Recently, we blogged about the Hex-Rays microcode that powers the IDA Pro decompiler. We showed how a few days spent hacking on the microcode API could dramatically reduce the cost of certain reverse engineering tasks. But developing for the microcode API can be challenging due to the limited examples to crib from, and the general complexity of working with decompiler internals.

Today, we are publishing a developer-oriented plugin for IDA Pro called Lucid. Lucid is an interactive Hex-Rays microcode explorer that makes it effortless to study the optimizations of the decompilation pipeline. We use it as an aid for developing and debugging microcode-based augmentations.

Lucid is a Hex-Rays microcode explorer for microcode plugin developers


Lucid requires IDA 7.5. It will automatically load for any architecture with a Hex-Rays decompiler present. Simply right click anywhere in a Pseudocode window and select View microcode to open the Lucid Microcode Explorer.

Lucid adds a right click 'View microcode' context menu entry to Hex-Rays Pseudocode windows

By default, the Microcode Explorer will synchronize with the last active Hex-Rays Pseudocode window. This can be toggled on / off in the ‘Settings’ groupbox of the explorer window.

‘Basically Magic’

Lucid’s advantage over the existing microcode explorers is that it is backed by a complete text-to-microcode structure mapping. This means that a cursor position in the rendered microcode text can be used to retrieve the underlying microinstruction, sub-instruction, or sub-operand under the user cursor (and vice versa).

As the chief example, we use these mappings to help the explorer ‘project’ the user cursor through the layers, maintaining focus on the selected instruction or operand as it flows through the decompilation pipeline:

Scrolling through the microcode maturity layers while tracking a specific operand

At the end of the day, the intention is to provide more natural experiences for studying the microcode and developing related tooling. This is just one example of how we might ‘get there.’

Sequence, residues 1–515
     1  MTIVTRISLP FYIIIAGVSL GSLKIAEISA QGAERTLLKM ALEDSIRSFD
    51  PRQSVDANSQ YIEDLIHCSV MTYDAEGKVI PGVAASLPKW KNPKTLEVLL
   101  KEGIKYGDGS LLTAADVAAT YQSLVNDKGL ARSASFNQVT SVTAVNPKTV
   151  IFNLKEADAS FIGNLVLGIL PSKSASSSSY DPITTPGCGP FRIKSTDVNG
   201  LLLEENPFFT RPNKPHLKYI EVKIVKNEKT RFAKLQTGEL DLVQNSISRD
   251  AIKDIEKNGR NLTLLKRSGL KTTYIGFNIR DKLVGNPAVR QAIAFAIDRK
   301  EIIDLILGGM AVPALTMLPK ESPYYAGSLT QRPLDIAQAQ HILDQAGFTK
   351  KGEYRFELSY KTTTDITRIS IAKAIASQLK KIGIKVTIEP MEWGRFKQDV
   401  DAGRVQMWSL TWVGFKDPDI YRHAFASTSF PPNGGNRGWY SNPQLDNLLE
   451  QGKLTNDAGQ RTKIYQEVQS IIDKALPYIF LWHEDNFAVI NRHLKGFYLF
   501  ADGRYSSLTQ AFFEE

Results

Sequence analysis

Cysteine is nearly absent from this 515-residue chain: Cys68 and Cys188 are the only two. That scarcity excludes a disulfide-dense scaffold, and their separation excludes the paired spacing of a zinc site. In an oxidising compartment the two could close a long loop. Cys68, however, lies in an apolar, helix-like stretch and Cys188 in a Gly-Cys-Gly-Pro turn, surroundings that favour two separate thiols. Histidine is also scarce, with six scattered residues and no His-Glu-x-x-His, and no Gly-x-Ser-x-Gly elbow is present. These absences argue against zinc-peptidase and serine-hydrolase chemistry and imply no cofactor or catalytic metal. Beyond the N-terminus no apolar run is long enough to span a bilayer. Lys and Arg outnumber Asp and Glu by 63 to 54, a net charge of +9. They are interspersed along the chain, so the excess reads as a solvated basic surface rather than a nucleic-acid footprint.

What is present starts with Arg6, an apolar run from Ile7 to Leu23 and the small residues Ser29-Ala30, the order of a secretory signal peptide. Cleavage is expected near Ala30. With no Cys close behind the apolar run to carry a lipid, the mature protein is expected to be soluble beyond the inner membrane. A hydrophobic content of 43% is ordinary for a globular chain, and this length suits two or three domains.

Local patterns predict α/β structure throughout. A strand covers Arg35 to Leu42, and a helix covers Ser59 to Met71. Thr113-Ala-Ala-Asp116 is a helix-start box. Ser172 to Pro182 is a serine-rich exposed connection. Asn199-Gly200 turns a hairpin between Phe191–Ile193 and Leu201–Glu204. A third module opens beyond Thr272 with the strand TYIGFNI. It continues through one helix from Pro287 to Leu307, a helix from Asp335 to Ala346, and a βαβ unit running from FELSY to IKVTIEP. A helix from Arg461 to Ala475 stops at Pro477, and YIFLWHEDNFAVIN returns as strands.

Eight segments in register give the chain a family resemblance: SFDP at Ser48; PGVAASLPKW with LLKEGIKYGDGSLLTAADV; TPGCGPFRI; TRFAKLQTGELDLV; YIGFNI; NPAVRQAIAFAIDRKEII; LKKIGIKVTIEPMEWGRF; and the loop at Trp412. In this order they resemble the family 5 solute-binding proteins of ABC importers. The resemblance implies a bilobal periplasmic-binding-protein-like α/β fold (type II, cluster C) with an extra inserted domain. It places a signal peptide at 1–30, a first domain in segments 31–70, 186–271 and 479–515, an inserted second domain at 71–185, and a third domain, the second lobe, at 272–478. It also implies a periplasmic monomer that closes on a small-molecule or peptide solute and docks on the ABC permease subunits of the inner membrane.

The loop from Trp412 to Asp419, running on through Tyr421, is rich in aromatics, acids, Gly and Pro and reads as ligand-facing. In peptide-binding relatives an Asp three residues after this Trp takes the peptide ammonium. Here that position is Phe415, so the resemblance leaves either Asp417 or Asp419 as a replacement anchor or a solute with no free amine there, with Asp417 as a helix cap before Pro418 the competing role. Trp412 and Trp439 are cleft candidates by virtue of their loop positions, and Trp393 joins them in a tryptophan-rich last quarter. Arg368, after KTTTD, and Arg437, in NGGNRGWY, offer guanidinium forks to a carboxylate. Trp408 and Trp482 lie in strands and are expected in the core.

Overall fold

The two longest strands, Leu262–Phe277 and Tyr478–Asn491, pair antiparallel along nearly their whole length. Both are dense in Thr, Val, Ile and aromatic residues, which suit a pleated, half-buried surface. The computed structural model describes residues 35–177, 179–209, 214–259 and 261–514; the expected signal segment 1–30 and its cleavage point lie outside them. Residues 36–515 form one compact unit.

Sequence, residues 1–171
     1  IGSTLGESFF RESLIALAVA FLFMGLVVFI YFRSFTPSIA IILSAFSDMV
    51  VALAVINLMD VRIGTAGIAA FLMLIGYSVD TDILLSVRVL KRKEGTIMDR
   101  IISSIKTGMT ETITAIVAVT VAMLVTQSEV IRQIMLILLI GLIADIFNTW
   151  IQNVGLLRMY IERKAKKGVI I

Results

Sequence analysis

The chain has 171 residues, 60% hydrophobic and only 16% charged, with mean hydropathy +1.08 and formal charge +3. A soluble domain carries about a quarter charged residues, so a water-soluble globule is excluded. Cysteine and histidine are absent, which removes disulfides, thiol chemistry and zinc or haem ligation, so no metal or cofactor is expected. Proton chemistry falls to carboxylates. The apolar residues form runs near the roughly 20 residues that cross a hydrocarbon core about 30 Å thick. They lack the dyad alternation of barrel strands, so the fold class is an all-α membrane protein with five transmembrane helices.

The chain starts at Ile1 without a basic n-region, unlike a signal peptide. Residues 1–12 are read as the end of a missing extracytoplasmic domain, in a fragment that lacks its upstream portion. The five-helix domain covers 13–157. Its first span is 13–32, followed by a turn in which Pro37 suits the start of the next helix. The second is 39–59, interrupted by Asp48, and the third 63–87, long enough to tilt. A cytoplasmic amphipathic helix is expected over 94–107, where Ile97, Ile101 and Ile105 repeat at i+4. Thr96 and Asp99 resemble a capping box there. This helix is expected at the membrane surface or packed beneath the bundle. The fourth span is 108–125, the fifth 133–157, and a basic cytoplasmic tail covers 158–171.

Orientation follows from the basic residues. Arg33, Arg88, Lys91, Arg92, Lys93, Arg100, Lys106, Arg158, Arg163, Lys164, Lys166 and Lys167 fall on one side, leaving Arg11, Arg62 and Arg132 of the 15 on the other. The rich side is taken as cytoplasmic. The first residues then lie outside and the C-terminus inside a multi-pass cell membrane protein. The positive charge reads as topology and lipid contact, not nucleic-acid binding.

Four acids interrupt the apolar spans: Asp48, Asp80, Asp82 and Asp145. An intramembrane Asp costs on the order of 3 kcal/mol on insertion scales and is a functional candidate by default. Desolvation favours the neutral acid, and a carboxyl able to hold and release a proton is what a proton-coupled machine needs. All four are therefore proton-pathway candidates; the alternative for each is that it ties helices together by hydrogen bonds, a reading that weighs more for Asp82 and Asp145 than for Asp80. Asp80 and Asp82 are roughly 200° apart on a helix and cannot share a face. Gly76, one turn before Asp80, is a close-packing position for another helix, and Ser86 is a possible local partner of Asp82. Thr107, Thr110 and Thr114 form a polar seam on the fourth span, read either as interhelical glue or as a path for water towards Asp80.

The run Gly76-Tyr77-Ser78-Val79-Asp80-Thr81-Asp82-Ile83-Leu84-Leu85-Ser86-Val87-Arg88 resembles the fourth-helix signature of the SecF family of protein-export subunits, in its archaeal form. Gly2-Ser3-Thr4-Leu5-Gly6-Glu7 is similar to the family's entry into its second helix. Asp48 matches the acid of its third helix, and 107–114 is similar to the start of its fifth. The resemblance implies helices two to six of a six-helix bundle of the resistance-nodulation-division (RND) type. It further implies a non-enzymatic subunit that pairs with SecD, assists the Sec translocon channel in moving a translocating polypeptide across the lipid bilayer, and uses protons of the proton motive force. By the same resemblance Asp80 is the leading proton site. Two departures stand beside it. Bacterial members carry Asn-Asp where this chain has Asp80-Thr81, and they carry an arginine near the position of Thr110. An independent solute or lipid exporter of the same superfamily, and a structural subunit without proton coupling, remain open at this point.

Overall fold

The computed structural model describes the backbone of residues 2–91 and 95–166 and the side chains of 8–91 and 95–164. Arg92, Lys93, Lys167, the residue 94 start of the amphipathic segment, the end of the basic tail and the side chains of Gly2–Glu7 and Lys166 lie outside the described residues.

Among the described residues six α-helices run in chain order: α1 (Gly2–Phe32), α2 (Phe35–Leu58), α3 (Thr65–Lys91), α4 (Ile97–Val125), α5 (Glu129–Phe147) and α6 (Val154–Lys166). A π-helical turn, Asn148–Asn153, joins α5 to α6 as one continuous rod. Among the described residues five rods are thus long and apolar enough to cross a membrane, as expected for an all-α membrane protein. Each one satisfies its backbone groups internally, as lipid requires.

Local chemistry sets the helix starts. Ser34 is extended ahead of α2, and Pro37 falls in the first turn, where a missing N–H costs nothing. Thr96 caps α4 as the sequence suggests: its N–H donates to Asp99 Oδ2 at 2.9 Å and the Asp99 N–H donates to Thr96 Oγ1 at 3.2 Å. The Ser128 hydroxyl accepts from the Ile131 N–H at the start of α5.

Sub-instruction Graphs

Lucid was originally created to serve as an interactive platform for lifting late-stage microcode expressions and generalizing them into ‘optimization’ patterns for the decompiler (think inline call detection/rewriting).

While I am not sure I’ll find the time/motivation to revisit this area of research, Lucid does include a rudimentary feature (inspired by genmc) to view the sub-instruction tree of a given microinstruction which is still useful by itself.

Viewing the sub-instruction tree of a given microinstruction

You can view these individual trees by right clicking an instruction and selecting View subtree.

Bits and Bobs

The code for Lucid is available on github where it has been licensed permissively under the MIT license. As the initial release, the codebase is a bit messy and the README contains a few known issues/bugs at the time of publication.

Finally, there is no regular development scheduled for this plugin (outside of maintenance) but I always welcome external contributions, issues, and feature requests.


In this post, we presented a new IDA Pro plugin called Lucid. It is a developer-oriented plugin designed to aid in the research and development of microcode-based plugins/extensions for the Hex-Rays decompiler.

Our experience developing for these technologies is second to none. RET2 is happy to consult in these spaces, providing plugin development services, the addition of custom features to existing works, or other unique opportunities with regard to security tooling. If your organization has a need for this expertise, please feel free to reach out.